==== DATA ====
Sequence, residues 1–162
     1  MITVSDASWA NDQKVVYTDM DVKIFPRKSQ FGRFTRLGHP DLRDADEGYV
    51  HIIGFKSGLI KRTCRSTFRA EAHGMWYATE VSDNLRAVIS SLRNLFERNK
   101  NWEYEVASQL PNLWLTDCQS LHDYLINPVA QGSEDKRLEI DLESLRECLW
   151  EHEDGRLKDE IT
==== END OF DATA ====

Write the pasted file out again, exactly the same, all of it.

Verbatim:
Sequence, residues 1–162
     1  MITVSDASWA NDQKVVYTDM DVKIFPRKSQ FGRFTRLGHP DLRDADEGYV
    51  HIIGFKSGLI KRTCRSTFRA EAHGMWYATE VSDNLRAVIS SLRNLFERNK
   101  NWEYEVASQL PNLWLTDCQS LHDYLINPVA QGSEDKRLEI DLESLRECLW
   151  EHEDGRLKDE IT